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18 July 2011 @ 03:29 pm
Sunday morning's sermon

Wisdom 12:13-19
Romans 8:12-25
Matthew 13:24-30, 36-43

It’s not often I preach on judgement. It’s one of those topics where I think I’d rather talk about something else. But each of these lectionary readings for this morning says something to me about God’s judgement. I don’t know how you react to the notion. Does it sound distant? Fearful? Wonderful? Long desired? Or any number of other things. I think we have in some ways sat very lightly to God’s judgement. Equally, I think there are some strains of Christianity that are ready to pronounce God’s judgement on everything they don’t like or aren’t very familiar with. As they say, when it turns out that God hates all the same people you do, you can be fairly sure you’ve made God in your own image.

So what do these readings have to say to us about God’s judgement and what does that mean for us today?

The reading from the Wisdom of Solomon sets a context for our reflection. God’s care is for all people. God is righteous and just and rules all things righteously and justly. God does not condemn anyone who does not deserve to be punished. God judges with mildness and governs us with forbearance. God’s sovereignty over all causes him to spare all.

God’s judgement then is intimately connected to his goodness and mercy. I want to suggest that it is not about condemnation nor yet about sentence as we might think of it in terms of a judgement in a court of law. Yes, there will be things in each of our lives which we are called to repent of and to lay aside. None of us is yet perfect. But God’s judgement is about mercy and about restoration. “When we are judged, we may expect mercy,” the passage goes on to say. It is a judgement which seeks to bring us back, to restore us and to make us holy once again. God’s judgement is not about casting us out but about drawing us in to remake us, to reform us in his own likeness. It is a judgement that builds up, not that breaks down.

St Paul gives us the other side of this. Christians are those who live according to the Spirit. We are then led by the Spirit of God who bears witness in us that we are children of God. This too is God’s judgement – to look upon us and to claim us as his children. Not just his children, but his heirs. God’s judgement is that we inherit through the Spirit all the good things of Christ as we are drawn into the life of God the Holy Trinity. But it is not all rosy: St Paul and those he’s writing to are very aware that they live in a real and imperfect world. His reminding them of this judgement of God is about supporting and encouraging the church in Rome in responding to the challenges that they face. Face these challenges in the face of God’s judgement that you are his children, that you have received his Spirit and that you are heirs all the good things of Christ. These promises sustain us through all we face at the present time.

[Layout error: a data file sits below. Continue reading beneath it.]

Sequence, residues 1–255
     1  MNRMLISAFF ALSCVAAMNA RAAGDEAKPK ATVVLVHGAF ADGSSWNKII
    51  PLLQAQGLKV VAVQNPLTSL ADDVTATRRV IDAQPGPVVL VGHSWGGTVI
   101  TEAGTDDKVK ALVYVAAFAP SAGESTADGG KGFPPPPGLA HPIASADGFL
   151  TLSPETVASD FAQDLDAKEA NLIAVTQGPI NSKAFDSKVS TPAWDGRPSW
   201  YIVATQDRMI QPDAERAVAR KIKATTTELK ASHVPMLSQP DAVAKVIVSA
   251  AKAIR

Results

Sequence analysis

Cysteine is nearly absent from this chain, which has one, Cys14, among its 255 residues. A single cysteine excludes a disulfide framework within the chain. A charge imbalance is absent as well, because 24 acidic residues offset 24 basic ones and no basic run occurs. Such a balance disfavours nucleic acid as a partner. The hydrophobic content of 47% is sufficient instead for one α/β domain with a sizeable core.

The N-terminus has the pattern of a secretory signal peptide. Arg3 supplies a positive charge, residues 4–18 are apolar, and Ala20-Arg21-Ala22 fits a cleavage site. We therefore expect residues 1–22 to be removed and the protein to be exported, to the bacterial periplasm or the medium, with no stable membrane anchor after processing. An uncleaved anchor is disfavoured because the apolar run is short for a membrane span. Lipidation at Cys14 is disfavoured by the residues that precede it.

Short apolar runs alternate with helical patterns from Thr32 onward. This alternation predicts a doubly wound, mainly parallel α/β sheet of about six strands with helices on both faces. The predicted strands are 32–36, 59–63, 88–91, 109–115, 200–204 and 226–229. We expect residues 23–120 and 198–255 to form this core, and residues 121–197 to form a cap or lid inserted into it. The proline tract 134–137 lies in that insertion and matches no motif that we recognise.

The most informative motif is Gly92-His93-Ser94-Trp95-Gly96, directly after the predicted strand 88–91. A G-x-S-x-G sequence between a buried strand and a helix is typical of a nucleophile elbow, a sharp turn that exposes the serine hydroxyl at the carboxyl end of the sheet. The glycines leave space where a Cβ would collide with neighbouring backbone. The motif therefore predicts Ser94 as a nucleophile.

Perhaps what we face is a picture something like the parable of the wheat and the tares. We look out at a very mixed picture, in our world, in the church, and maybe in our own life. We know that there are tares in our field, so to speak. We know that our world, our church and our lives stand in need of judgement. We can see that what is there is mixed, the good, as always, is mixed with the bad. The parable reminds us that it was not intended to be like that. The farmer sowed good seed, but an enemy came and sowed weeds. So the harvest is not all that it might be. Jesus in explaining the parable places it in the context of God’s judgement at the end of time. All causes of sin will then be rooted out from the world. But for now, we live in this mixed world, acknowledging the mixed-ness of ourselves and our church too. So God’s judgement is something we need and something we should pray for. We look for the day when God will restore all things and his kingdom will come on earth as it is in heaven.

As we come today to Holy Communion, we come knowing the righteousness and justice of God’s judgement, we come knowing ourselves judged to be his children and heirs of his grace and we come praying for the coming of his kingdom where all that is wrong will be set right. At this table, we are privileged to see a vision of that judgement. We are drawn in, we are restored and remade, and we are sent out as God’s servants and witnesses in the world. Through the saving body and blood of Christ, God’s judgement washes away all that is unworthy, fills us with his grace and draws into his eternal life. This is the table of God’s judgement and mercy, of God’s peace and love and a foretaste of the heavenly banquet prepared for all people. Amen.